I’ve been working with somebody who, I think, is the lead person behind a Linux Distribution. We’ve been discussing how to change PID 1, and I’ve begun to realize I know a lot about this.
I’ll be discussing Arch Linux because that’s what I use, but most distributions follow a very similar pattern.
What PID 1 Needs To Do
In Arch Linux, there’s an early userspace PID 1 which does some preliminaries such as mounting and pivoting /, enabling the keyboard and graphics card, and a few other things.
When the main PID 1 starts, it needs to do the following at a minimum:
- Mount /tmp, /proc, /sys, /run, /dev
- Create some temporary directories
- Set the system clock
- Populate some of /dev
- Load modules
- Set the hostname
- fsck /
- never exit
You might be thinking to yourself that this could all be done in a shell script.
As a matter of fact,
that is exactly how I do it on my computer.
/sbin/init is a Bourne shell script.
Yours could be, too.
That last step is kind of interesting. If PID 1 ever exits, the kernel panics and basically halts. So you want your PID 1 to stay running forever, even after something has powered down or rebooted the computer.
Because of this requirement, it’s typical to have PID 1 manage keeping important programs (daemons) running. There are all sorts of approaches to this, ranging from systemd at the heavy end, doing all sorts of things like managing hardware and communicating over dbus; to runit at the light end, managing only the starting and stopping of supervisors, which themselves manage the daemons.
Incidentally, the threat of kernel panic and immediate halting is why some people (myself included) feel PID1 should be very simple and easy to check for bugs.
How Runit Manages Daemons
I use runit as my daemon manager. Specifically, the runit from busybox, but Gerrit Pape’s runit is almost identical as far as this article is concerned.
Runit starts off as a program called
which is what my
/sbin/init hands off to with
exec runsvdir /var/service.
runsvdir has a fairly simple job:
start a new
runsv process for each subdirectory of
runsv process dies, restart it.
runsv, in turn, runs the
run script in the subdirectory.
run exits, it runs
finish, waits a few seconds,
run again, until the end of time.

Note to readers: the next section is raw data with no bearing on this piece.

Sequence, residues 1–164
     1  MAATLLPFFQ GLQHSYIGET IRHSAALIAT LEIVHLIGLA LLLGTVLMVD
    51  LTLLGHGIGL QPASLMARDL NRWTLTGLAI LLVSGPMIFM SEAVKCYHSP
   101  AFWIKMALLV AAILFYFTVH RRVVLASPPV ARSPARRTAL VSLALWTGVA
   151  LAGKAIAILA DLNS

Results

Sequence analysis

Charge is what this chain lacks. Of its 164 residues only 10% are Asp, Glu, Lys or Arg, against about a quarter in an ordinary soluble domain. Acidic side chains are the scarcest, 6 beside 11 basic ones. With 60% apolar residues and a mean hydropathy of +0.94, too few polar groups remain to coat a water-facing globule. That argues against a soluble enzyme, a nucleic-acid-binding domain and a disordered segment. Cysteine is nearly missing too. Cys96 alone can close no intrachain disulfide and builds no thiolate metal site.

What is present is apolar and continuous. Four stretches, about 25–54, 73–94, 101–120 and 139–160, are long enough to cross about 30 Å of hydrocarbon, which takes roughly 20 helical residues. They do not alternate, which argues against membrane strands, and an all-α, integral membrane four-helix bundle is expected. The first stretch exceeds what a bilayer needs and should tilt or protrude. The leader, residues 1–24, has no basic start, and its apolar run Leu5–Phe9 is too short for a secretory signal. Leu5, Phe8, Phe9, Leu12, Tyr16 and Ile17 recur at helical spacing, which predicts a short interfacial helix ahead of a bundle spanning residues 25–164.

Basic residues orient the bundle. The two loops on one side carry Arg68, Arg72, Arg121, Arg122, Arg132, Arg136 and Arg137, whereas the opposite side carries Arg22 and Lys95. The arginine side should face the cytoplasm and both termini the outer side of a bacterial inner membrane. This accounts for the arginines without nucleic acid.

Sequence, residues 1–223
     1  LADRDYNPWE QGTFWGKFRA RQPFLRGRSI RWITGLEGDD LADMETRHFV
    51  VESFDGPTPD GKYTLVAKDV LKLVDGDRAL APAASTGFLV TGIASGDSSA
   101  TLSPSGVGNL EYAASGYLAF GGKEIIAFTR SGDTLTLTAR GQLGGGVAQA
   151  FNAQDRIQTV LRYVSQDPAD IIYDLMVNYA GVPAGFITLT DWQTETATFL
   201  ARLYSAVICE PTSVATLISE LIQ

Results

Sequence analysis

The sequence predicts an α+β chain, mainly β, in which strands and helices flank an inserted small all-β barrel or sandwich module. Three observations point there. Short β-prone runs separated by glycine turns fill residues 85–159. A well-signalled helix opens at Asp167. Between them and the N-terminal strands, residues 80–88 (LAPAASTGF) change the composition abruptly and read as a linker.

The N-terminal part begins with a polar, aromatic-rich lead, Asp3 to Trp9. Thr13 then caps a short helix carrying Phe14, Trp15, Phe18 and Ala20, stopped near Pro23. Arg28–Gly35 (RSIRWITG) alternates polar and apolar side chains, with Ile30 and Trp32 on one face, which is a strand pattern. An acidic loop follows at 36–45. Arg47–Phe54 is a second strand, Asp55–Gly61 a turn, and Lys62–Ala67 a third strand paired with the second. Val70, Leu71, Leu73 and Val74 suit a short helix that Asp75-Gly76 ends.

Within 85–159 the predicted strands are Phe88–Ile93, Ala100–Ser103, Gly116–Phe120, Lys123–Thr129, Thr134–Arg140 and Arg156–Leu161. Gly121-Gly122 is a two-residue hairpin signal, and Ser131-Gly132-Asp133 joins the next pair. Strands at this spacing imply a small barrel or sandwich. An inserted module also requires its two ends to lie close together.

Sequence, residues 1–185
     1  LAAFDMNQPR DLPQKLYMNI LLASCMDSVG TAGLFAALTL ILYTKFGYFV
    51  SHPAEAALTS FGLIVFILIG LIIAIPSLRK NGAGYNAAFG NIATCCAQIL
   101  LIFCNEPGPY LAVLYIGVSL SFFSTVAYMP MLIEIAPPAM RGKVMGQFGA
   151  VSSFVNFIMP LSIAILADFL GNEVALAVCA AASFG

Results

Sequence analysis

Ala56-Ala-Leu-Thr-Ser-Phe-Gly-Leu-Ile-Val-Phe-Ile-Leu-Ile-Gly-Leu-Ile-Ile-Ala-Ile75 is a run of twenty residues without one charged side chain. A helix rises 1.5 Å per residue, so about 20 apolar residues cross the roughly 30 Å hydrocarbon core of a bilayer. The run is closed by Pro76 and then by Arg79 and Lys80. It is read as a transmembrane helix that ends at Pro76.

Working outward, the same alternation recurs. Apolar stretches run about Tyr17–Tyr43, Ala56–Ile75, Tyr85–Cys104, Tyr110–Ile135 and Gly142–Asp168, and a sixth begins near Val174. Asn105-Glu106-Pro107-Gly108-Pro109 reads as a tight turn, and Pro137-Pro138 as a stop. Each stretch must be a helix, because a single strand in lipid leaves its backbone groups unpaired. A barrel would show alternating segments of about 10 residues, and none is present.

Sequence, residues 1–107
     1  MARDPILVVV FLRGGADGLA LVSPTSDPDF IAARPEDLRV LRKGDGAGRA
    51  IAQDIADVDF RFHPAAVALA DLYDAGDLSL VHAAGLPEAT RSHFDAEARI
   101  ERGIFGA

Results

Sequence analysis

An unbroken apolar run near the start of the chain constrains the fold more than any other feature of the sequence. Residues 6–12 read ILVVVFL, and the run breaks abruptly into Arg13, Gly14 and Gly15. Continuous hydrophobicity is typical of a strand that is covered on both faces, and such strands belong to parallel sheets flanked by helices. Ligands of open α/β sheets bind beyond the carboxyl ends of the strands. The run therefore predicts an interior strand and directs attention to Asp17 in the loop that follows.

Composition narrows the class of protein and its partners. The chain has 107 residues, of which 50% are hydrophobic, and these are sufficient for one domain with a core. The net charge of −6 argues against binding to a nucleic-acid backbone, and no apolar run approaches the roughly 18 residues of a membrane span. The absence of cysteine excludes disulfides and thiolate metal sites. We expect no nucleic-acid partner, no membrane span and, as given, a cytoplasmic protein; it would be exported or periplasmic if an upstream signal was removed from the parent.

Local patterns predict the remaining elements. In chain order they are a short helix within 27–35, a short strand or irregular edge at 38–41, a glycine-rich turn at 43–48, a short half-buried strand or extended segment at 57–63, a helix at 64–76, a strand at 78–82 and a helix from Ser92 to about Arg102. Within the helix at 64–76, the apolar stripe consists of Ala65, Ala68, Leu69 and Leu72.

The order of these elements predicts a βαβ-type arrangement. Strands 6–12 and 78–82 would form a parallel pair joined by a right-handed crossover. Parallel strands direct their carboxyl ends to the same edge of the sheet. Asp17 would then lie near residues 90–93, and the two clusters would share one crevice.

If there is a
finish scripts are handled the same way,
except that stdout from the parent’s
run is piped to
stdin on the log’s
This simple approach makes it pretty easy to keep services alive,
provided they can stay in the foreground.
For example, here’s the
run script I use for
exec /usr/bin/sshd -D -e
That redirects stderr to stdout, for the logger. Then it runs sshd in the foreground (the “no daemon” mode), and logs to stderr (now stdout).
There are a few wrinkles to what
If the file
it doesn’t try to start
And there’s an
sv program for communicating with
sv program communicates with an instance of
through some magic pipes in the
sv has a few common commands,
and a few obscure ones.
I’ll go over the common ones.
sv status foo asks runsv what the current status of the
foo service is.
It will tell you what state it’s trying to maintain,
what state it’s actually in,
and how long it’s been in that state.
It also reports back about the log service for that directory,
if there is one.
sv up foo tells runsv to strive to have the
foo service up.
That means it will run the
run script as detailed above.
sv -v up foo is just like
sv to wait until the service is confirmed up.
It will wait up to 7 seconds (you can set the time with
for the service to be in the
and will also run the
check script in the service directory,
if there is one,
to perform any additional checks on the service actually working.
It returns 0 if the service is up and
and non-0 in any other case,
so this is the command you want to use in a
to make sure a dependency has started.
sv down foo tells runsv to strive to have the
foo service down.
runsv will try to kill it.)
sv check foo will check if the desired state is the actual state.
This means if you asked for
foo to be up,
it will return 0 if and only if it’s up.
But it also means that if you asked for
foo to be down,
it will return 0 if and only if it’s down.
There’s a good chance you actually want
sv -v up foo instead.
I never use
sv check, personally,
but I’m listing it here because it seems to confuse people.
There are more
but these are the ones I use most frequently.
The init steps above will get your machine booted,
but it might not be very useful.
you might like to be able to log in.
You’ll want to run a
getty for that,
and maybe something like
gdm to log in to X11.
The Linux kernel sends out something called a “uevent”
whenever the hardware configuration changes.
For instance, when a new USB device is plugged in.
The usual program to handle these is called
which is now part of
Busybox comes with one called
mdev that does a lot of what
I’ll detail that here at some point.